• P J Evans

    I get a sense of spiritual peace and awe, a glimpse of something eternal
    when I look up at the stars, when I feel the breeze on my face on a
    warm day, when I listen to a good piece of music, when I see ballet
    performed, etc

    It’s close enough to feeling that larger, warmer God for me.

  • Anonymous

     I was struck by how much had to do with the social, communal aspects of church, and of how many items might just as easily apply to a hobbyst club or a book group.

    That’s true, in a limited sense. But churches tend to have much more powerful networks and support circles — multigenerational groups that can support you from birth until death (ideally). By contrast, a lot of secular clubs are segregated, either on the basis of gender or age or both. (Regulars at my knitting groups have ranged *widely* in age — from their late teens to their 60s or so. I’ve yet to see an intergenerational conflict emerge. (*)  OTOH, we tend to stare at the strange men until they go away. If they don’t take the hint, we’ll talk about feminine issues.) Churches also far more widespread geographically. The widespread secular institutions that *do* exist (e.g. fandom) tend to reinvent themselves every few generations, preventing a lot of the support groups and networking functions that might otherwise evolve.

    But I think the ultimate explanation might be very simple. Savage is fond of talking about “prices of admission” for relationships — compromises you’re willing to make in order to be with someone you care about. Many secular institutions carry a decent price of admission: you might need to pick up a new hobby, or profess an interest in a certain subject, or sink a decent chunk of your spare time and money into something new. All of which are fine — they’re what ties the group together, and there are plenty of things that you’ll grow to enjoy with time. Churches, for the most part, have pretty low prices of admission — you may have to profess a few beliefs or whatever, but it’s not a whole lot out of your life in exchange for a *lot* of return.

    (*) OTOH, just try getting four women — in their 20s, 30s, 40s, and 60s — to agree upon a karaoke song everyone knew. Good times.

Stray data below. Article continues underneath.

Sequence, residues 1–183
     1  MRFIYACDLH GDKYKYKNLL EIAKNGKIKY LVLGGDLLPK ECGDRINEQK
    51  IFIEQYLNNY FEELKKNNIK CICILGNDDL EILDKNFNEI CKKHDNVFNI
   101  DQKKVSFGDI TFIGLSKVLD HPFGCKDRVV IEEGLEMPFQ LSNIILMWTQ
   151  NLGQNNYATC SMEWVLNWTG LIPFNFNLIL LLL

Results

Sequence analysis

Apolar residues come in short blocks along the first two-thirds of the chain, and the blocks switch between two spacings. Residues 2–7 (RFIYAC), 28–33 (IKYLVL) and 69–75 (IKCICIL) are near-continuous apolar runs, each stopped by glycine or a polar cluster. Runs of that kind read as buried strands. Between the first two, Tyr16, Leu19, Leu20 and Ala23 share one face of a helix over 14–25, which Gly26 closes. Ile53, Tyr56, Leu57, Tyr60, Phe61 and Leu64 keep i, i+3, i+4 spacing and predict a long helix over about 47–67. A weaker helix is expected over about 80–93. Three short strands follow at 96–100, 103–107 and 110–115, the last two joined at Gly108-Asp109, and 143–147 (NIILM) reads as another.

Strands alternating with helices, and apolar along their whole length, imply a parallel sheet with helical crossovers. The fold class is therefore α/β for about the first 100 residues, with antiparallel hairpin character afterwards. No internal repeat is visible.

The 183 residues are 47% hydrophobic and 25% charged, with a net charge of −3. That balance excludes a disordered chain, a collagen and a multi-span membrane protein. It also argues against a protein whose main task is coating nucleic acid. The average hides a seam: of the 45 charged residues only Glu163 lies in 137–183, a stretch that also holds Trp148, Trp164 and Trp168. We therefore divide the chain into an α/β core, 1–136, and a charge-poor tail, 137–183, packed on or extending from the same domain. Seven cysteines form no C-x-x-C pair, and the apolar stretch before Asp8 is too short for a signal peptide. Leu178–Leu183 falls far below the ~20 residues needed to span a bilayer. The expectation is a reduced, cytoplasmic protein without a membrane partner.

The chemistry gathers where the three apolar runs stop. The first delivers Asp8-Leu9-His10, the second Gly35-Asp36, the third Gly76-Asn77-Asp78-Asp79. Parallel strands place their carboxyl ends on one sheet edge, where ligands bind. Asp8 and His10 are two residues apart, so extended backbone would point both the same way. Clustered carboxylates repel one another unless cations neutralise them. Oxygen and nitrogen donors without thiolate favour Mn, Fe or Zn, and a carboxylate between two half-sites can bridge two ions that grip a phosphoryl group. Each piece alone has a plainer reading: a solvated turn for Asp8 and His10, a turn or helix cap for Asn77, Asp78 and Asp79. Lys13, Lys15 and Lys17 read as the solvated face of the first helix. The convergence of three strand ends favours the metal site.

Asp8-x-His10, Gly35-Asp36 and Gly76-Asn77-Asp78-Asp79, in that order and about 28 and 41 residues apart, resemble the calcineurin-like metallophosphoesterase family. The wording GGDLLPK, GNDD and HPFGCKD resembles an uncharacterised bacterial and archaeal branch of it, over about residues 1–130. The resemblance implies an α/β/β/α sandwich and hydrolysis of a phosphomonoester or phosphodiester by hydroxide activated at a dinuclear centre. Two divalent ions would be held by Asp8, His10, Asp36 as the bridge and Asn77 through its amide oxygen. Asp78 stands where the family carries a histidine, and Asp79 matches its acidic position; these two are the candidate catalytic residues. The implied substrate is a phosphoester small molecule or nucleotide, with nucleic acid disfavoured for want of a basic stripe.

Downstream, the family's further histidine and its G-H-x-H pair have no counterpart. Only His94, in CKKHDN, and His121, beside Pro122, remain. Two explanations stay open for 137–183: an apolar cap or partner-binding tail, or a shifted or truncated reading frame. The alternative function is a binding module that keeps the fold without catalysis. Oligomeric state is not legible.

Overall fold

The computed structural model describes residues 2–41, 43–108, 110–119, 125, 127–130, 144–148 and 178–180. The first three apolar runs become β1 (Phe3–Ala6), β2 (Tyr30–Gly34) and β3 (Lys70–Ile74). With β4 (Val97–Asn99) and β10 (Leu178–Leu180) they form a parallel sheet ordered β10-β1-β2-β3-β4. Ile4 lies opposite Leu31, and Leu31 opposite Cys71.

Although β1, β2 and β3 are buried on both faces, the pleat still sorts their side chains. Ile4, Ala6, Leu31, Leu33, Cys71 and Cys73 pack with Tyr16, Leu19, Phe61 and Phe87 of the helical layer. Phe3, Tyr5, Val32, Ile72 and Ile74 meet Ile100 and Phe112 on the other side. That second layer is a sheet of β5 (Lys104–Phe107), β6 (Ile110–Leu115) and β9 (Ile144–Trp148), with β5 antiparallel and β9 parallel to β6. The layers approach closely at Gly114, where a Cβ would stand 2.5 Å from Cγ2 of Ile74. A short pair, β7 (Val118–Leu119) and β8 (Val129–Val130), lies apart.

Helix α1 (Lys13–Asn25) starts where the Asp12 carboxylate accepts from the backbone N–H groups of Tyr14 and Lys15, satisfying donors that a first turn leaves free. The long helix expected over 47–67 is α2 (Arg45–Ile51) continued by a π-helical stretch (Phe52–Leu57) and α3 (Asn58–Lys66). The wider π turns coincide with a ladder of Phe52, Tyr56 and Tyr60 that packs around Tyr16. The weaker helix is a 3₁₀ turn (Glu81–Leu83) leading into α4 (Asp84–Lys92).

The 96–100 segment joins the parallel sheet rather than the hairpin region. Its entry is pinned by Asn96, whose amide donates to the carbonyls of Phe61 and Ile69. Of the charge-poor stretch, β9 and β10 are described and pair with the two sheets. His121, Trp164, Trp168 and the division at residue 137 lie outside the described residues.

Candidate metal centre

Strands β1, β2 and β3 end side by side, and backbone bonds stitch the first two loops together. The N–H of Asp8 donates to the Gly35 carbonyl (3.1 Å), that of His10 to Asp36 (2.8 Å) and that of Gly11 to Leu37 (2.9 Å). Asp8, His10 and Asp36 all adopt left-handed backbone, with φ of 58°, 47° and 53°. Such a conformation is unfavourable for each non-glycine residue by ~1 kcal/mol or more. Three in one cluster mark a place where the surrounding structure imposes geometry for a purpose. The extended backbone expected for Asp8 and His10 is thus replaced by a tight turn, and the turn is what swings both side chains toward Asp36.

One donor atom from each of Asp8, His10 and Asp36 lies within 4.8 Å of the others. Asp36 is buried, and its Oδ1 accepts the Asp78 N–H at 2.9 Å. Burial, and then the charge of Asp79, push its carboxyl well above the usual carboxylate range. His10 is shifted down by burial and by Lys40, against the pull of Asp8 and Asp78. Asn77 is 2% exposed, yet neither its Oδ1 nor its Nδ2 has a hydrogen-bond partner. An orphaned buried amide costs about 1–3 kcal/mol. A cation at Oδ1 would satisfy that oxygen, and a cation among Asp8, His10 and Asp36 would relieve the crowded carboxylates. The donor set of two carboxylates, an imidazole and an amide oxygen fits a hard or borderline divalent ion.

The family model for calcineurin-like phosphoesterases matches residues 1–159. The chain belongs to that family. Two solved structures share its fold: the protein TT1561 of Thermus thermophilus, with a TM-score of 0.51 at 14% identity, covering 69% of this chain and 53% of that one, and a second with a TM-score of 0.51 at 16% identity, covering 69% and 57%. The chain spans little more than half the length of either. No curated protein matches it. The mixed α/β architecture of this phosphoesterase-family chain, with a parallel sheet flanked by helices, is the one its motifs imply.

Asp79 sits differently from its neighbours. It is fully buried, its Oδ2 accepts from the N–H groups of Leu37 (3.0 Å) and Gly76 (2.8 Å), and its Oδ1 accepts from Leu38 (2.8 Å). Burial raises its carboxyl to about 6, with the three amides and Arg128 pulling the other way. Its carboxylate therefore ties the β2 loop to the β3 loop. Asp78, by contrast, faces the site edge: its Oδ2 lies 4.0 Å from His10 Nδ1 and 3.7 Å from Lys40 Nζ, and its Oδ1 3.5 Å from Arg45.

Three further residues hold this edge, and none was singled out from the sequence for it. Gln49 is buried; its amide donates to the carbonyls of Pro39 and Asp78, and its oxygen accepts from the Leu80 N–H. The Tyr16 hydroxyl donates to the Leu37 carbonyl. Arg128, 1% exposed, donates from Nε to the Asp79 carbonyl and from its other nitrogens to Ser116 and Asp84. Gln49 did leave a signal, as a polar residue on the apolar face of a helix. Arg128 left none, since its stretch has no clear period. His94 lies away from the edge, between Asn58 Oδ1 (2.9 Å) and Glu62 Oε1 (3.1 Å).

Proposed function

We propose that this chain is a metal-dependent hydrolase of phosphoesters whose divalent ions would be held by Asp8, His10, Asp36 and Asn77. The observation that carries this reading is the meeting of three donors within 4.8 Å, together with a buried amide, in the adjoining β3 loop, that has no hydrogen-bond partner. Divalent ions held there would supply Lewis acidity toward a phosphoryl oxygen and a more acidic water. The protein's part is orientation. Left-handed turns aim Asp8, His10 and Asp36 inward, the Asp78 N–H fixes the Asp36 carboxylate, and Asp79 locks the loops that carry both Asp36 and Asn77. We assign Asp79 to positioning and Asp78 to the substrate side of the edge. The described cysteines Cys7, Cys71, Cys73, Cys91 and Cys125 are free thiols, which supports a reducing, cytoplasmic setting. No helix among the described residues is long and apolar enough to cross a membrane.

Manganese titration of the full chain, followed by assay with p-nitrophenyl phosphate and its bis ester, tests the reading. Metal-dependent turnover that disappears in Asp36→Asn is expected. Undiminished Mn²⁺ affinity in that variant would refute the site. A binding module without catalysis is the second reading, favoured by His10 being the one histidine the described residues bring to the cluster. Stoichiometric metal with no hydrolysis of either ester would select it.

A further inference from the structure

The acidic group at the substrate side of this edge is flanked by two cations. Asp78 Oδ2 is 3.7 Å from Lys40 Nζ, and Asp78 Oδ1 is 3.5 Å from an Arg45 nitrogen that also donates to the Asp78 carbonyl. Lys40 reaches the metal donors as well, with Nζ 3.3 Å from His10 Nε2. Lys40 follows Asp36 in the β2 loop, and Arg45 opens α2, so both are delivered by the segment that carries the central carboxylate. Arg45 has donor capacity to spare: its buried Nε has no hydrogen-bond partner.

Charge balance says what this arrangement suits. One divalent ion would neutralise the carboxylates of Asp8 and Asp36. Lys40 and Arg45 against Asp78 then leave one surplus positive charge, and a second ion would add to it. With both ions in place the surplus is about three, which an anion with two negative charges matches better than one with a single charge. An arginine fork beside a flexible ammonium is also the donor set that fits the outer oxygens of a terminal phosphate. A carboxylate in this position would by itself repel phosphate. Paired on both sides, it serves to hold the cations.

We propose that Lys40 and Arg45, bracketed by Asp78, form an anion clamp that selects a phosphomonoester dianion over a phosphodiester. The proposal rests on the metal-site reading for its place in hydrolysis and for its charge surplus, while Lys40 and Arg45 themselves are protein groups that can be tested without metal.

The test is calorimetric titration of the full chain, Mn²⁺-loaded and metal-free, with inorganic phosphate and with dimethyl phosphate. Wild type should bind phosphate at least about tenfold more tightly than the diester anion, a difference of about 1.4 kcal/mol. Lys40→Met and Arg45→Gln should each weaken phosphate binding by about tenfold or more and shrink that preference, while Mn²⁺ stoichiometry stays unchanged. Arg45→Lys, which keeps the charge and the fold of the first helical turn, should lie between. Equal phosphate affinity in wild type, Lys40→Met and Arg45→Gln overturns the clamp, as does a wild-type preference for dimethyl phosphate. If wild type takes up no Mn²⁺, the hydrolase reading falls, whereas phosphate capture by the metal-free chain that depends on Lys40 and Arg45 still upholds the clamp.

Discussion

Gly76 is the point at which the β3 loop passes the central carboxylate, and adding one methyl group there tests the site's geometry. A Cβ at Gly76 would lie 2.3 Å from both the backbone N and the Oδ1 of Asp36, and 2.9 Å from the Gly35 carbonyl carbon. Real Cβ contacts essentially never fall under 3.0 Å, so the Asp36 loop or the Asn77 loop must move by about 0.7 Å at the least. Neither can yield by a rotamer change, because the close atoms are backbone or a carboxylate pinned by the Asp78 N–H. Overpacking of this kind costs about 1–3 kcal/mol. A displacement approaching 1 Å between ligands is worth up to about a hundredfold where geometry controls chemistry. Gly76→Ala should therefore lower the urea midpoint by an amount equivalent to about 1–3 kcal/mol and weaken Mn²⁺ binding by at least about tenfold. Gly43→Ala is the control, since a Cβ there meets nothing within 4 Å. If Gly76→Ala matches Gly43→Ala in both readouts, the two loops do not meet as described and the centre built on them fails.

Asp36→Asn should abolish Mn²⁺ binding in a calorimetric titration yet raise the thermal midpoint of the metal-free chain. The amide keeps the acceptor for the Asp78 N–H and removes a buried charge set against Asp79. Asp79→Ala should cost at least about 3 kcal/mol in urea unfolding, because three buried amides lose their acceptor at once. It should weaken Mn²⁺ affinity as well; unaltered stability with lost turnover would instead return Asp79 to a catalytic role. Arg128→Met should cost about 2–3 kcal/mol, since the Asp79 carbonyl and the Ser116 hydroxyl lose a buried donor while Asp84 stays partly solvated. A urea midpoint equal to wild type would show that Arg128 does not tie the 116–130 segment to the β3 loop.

• Nenya

    JessicaR, what you say about growing up JW scorching your chances for being religious is very much how I feel (just replace JW with my childhood sorta-fundie cult). I do very much have a sense of…what do I even call it? Sensawunda, they say in sci-fi circles. I have spiritual and emotional antennae that twitch to certain kinds of beauty and true things. But if I ever try to pin it down in the least, it kills it dead, like sticking a pin through a butterfly. Other people can put what they feel into words about this kind of thing much better than I can. Too many faked testimonies as a child, or something, I guess. 

    I believe the universe is held together by love. And I can intellectually appreciate a lot of theology, and mythmaking can be quite satisfying. But there’s a point where I have to back off and say no, God never talked to me the way you folks are describing. 

    Anyway–Fred, your point about how we are all writing our stories in the middle of them is really comforting to me. Thank you. 

  • Reading the Rachel Held Evans piece reminded me, once again, that my testimony runs the other way. There wasn’t anything the church did that drove me away; there wasn’t any unpleasantness. In fact, the church I grew up in was – within the limits of human social groups – friendly, encouraging, supportive. Scare tactics were almost non-existent; there was a sort of unstated understanding that we do the best we can and trust in God to forgive us when we fall short. There wasn’t any conflict with science; Genesis, read poetically, was compatible enough with what we understand of the origins of the universe and human life.

    And despite this, despite being raised in a distinctly Christian environment, despite having no particular complaints with the church or the faith (honestly, I’m still far more irritated about some of the things the boy scouts put me through), there came a time when I simply couldn’t believe, any longer, the things that I’d been taught as a child. Things that had seemed so marvelous and compelling – that Jesus would willingly die on the cross, to save all of us – just didn’t make sense to me anymore. And I went back and forth with that for a few years, and then tried to explore other things for a few years after that, and eventually concluded that I just don’t have it in me to believe. I am, basically, a materialist; which makes me functionally atheist. And I don’t feel that as any particular loss.